South Jordan • City Councilman Patrick Harris doesn’t understand why a $58 million sales-tax hike that Salt Lake County voters rejected in 2015 should now be implemented without a vote of the people.

Supporters of the 0.25 percent tax increase (2.5 cents per $10 purchase) made several arguments, including that the previous vote to raise revenue for local roads and the Utah Transit Authority came at a time when public distrust of UTA was at a peak — and a big overhaul of the agency is underway. Others pointed to a desperate need for money to fix roads and the local control and flexibility that would come with increase.

Harris wasn’t moved. He abstained from voting on a resolution urging Salt Lake County to impose the hike.

“It is my desire to let that vote stand,” he said, referring to the 51-49 percent defeat of Proposition 1 three years ago.

Harris, though, was in the minority. The South Jordan City Council on Tuesday night approved the resolution 4-0.

Mayor Dawn Ramsey said there has been “a lot of misunderstanding” about the proposed tax, and she believed supporting it is in the city’s best interest.

South Jordan is among several cities voting this week. Murray also approved the resolution Tuesday night, council administrator Janet Lopez said.

On Wednesday night, Taylorsville approved the resolution 4-1. A vote from Herriman also was slated.

Holladay is set to vote Thursday. Mayor Rob Dahle will vote for it because “we’re desperately in need of road funds.” He is “fairly confident that this will pass.”

Millcreek, Midvale and South Salt Lake have signed off on the tax hike, along with the town of Alta and the townships of Emigration, Kearns, Magna and White City.

The Salt Lake County Council set up a formula that automatically imposes the tax if city councils representing two-thirds of the countywide population approve.

As of Wednesday afternoon, they were about a third of the way there, with approvals in cities and towns representing more than 300,000 of the county’s estimated 1.1 million residents.

The big undecideds that could well make the difference are Salt Lake City and West Valley City.

Salt Lake City is by far the largest in the county (and the state). It finds itself in something of a pickle.

There is no doubt that the city could use the money to improve its crumbling and long-neglected roads and to beef up bus service, city leaders agree. But the capital recently voted to impose a 0.5 percent sales tax hike (5 cents per $10 purchase) beginning Oct. 1. And the council is considering putting an $87 million bond proposal on the November ballot that would increase property taxes.

“We’re doing our best to consider the realities of the need and weigh the cost to our taxpayers,” Council Chairwoman Erin Mendenhall told The Tribune on Wednesday.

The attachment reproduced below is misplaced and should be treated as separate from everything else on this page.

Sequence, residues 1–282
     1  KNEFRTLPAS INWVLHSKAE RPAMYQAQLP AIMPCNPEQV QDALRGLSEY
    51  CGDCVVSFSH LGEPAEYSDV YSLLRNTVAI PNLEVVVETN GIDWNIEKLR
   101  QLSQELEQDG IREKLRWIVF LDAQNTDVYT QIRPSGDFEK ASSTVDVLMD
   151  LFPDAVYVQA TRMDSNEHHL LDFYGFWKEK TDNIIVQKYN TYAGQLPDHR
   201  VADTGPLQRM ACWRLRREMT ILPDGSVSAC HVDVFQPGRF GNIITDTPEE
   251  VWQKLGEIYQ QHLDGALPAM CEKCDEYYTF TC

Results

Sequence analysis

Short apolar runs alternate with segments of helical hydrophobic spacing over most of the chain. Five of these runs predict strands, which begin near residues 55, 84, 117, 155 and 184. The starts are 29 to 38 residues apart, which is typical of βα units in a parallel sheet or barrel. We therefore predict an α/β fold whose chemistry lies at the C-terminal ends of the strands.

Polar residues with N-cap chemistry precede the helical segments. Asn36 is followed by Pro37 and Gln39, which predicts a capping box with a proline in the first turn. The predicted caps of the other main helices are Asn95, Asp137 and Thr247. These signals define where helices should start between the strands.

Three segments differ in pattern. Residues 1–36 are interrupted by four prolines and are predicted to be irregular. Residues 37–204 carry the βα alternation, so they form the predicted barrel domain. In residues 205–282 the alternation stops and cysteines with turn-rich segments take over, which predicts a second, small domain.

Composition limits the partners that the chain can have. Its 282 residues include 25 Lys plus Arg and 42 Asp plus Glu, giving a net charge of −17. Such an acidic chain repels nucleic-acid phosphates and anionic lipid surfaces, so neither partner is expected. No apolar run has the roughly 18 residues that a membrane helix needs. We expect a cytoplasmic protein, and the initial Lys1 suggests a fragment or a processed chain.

She says she will put the transportation tax resolution on the agenda for the council’s Tuesday meeting — the last one scheduled before the county deadline.

“My sense is that there is support,” Mendenhall said, adding that thorough surveys and analysis of the city roads and transportation needs leave “no question that we don’t have enough revenue to do what needs to be done.”

Council members are somewhat skittish about the lack of time to air the arguments for and against the 0.25 percent countywide sales tax resolution as thoroughly as it has engaged the public on the proposed bond. (She points to the website spelling out that proposal, which, if the council approves, will ultimately will be decided by voters.)

The state Legislature in March decided to give Salt Lake, Utah and other counties a second chance to pass the transportation/transit sales tax increase — this time without voter approval.

The Salt Lake County Council, however, voted in April to put the decision up to city leaders within the county. Specifically, the council decided in a 6-1 vote to proceed with the increase if it received the approval of cities representing at least two-thirds of the county’s estimated 1.1 million residents.

County Council Chairwoman Aimee Winder Newton said the approach makes sense because “this tax would be benefitting the cities more than the county and we wanted to let the cities weigh in and let us know if this is something that they need. They know their transportation budgets better than we do and what road maintenance costs and all of that.”

She said she hears cities “are hurting for road funds” and many are subsidizing those expenses out of general fund monies that would go to police and other vital services.

At the same time, Newton acknowledged, “people are always concerned about a tax increase.”

“As a county, we want to make sure that we’re letting local decision-makers tell us what they think is best,” she said. “We’ll be anxious to see how many of our cities pass that resolution by June 22.

“If they don’t need it, then we’ll move on and it won’t pass.”